October 22, 2020

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Nicaragua introduces legislation to clamp down on foreign, national media


By Ismael López Ocampo and ,

Oswaldo Rivas Reuters

A woman sits next to an image of Nicaragua’s President Daniel Ortega in Catarina, Nicaragua, last week.

MANAGUA, Nicaragua — Nicaragua’s congress is considering legislation that could cripple independent journalism here, press advocates say, the latest step in a crackdown on opposition voices launched by President Daniel Ortega following nationwide protests in 2018.

One bill would require journalists who work for international media to register with the government as foreign agents and to refrain from “intervening in questions, activities or matters of internal politics.”

A second bill would establish jail terms of up to four years for those who used a computer to spread “false and/or misrepresented information which causes alarm.” Critics say the proposed Special Law on Cybercrimes could be used to target journalists or social-media users writing anything unfavorable to the government.

Ortega’s Sandinista party holds a majority in congress, and can easily pass the legislation. A vote could come as soon as this week.

[She fled detention and torture in Nicaragua for asylum in the United States. The government put her on a plane back home.]

Concern is rising for the free press in Central America. More than 500 journalists, writers and artists signed a recent letter to the Inter-American Commission on Human Rights protesting attacks on the media in El Salvador.

That country’s president, Nayib Bukele, announced last month that he was investigating the independent news site El Faro for alleged money laundering after it published an expose on secret government negotiations with gangs.

In Honduras, the government suspended the right to free expression at the start of the covid-19 pandemic, then backtracked after a public outcry. Two journalists have been shot and killed in the country this year; another died in prison after being convicted of defamation.

Natalie Southwick, Central and South America program coordinator for the Committee to Protect Journalists, said conditions for independent journalists in the region were already difficult. But the pressures “seem to really be expanding and getting worse right now,” she said in an interview.

[Nicaragua’s Ortega is strangling La Prensa, one of Latin America’s most storied newspapers]

The bills introduced in Nicaragua in the past two weeks are the latest in a barrage of measures to curtail independent media. Security forces raided several news outlets in 2018, after mass protests erupted calling for Ortega’s ouster. Authorities blocked imports of newsprint for the country’s leading daily, La Prensa, for 18 months. Scores of journalists have fled the country after suffering harassment.

Julio López, director of the organization Independent Journalists and Communicators of Nicaragua, said the new legislation “represents the continuity of the regime’s repression of independent journalism.”

Nicaraguan journalists have launched 20 online news publications in the last two years. The government “wants digital media to not provide coverage of the crisis,” said López.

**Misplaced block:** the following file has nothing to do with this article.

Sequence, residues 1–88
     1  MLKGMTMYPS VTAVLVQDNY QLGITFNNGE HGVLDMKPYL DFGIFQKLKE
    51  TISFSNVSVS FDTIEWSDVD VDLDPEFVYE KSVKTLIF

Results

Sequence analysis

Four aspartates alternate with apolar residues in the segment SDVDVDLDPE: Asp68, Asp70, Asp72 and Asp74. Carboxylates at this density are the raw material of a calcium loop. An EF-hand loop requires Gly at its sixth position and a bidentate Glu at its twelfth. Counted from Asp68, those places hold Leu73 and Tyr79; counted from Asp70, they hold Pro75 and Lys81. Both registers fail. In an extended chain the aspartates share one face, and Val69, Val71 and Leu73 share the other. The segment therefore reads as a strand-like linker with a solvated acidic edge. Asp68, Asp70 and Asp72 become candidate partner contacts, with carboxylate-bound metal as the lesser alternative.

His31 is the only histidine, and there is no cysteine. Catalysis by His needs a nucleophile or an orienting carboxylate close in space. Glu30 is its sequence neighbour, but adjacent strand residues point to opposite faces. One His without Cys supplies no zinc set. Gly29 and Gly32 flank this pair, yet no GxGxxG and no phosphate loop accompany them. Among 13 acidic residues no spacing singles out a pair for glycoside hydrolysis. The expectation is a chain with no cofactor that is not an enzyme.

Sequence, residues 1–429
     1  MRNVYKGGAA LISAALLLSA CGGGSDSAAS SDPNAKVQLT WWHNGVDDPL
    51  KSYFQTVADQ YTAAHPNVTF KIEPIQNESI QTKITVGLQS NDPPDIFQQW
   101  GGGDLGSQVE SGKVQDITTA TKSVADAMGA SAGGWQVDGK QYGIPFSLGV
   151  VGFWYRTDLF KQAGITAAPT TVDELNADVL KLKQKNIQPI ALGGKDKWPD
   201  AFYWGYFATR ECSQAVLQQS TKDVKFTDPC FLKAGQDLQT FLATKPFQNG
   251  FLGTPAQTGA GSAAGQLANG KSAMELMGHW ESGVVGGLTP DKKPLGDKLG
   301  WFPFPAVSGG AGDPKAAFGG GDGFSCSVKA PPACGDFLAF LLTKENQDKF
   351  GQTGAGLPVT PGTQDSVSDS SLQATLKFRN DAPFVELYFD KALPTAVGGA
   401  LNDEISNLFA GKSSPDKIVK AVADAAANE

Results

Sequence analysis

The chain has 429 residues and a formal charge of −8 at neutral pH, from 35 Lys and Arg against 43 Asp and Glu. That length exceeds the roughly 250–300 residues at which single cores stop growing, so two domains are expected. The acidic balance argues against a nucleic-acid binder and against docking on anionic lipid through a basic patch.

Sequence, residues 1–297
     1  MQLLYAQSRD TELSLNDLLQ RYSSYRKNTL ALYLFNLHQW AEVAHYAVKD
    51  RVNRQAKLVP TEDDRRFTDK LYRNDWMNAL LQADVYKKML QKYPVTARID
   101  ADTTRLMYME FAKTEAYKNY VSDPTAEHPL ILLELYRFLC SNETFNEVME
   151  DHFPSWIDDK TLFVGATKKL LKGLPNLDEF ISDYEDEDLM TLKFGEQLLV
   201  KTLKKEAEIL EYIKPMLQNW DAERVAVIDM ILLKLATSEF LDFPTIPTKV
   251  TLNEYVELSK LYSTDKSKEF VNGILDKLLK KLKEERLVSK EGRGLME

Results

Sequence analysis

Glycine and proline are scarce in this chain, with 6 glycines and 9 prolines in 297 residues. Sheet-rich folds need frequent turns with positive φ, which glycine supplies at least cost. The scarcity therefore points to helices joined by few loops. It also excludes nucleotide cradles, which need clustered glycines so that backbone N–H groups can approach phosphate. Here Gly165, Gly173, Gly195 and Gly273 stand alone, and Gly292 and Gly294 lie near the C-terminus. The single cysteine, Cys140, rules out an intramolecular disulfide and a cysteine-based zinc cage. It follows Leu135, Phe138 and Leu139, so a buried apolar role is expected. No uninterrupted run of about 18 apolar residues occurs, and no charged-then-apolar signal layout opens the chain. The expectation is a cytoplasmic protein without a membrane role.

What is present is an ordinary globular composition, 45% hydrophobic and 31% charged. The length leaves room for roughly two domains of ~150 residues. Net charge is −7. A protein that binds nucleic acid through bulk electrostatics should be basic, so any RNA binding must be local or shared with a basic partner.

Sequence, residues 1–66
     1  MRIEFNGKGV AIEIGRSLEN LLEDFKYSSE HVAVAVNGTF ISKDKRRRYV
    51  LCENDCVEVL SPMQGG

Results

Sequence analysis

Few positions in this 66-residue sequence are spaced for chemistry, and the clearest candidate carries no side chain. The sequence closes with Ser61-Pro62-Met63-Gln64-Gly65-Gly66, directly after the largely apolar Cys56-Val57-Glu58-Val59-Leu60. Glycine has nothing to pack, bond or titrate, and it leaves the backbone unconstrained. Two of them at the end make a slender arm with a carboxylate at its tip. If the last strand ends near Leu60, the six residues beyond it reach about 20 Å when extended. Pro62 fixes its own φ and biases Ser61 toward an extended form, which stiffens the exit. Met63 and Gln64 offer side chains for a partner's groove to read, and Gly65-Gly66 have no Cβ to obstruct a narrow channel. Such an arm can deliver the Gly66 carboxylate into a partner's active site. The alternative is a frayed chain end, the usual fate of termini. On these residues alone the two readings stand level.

The Forum of Independent Press of Nicaragua, which represents media owners and editors, said the bills “threaten not just journalists and media, but also the freedom of expression of all Nicaraguans.”

Ortega came to power after the 1979 revolution spearheaded by leftist Sandinista rebels. He lost the 1990 election, but returned to the presidency in 2007 and has been reelected twice. He is expected to seek a new five-year term in elections next year.

Vice President Rosario Murillo, who serves as the government’s chief spokeswoman, did not respond to a request for comment on the legislation. Murillo is Ortega’s wife.

[Nicaragua lifts newsprint ban on embattled La Prensa newspaper]

Wálmaro Gutiérrez, a lawmaker from Ortega’s party, said the proposal on “foreign agents” was necessary to regulate people “who respond to foreign interests and financing, and use this financing to carry out activities that represent the interference of foreign governments or organizations in the internal affairs of Nicaragua.”

It would apply to journalists and a organizations that receive funding from abroad. They would be required to provide information on their financial transactions and activities. Roughly a dozen journalists in Nicaragua are employed by foreign media outlets or contribute as freelancers to organizations including The Washington Post.

Michael G. Kovak, the acting U.S. assistant secretary of state for the Western Hemisphere, tweeted that the law was “a dangerous affront to democracy in Nicaragua.”

The Trump administration has imposed sanctions on Nicaraguan officials, the National Police and members of Ortega’s family since the government quashed the 2018 protests, leaving more than 300 dead.

A Nicaraguan political analyst, José Luis Rocha, said Ortega might have introduced the legislation at this moment to send a message to Washington.

“He’s convinced that more sanctions are coming,” said Rocha. “And he’s cracking down at a time when everyone is focused on the elections in the United States.”

Sheridan reported from Mexico City.

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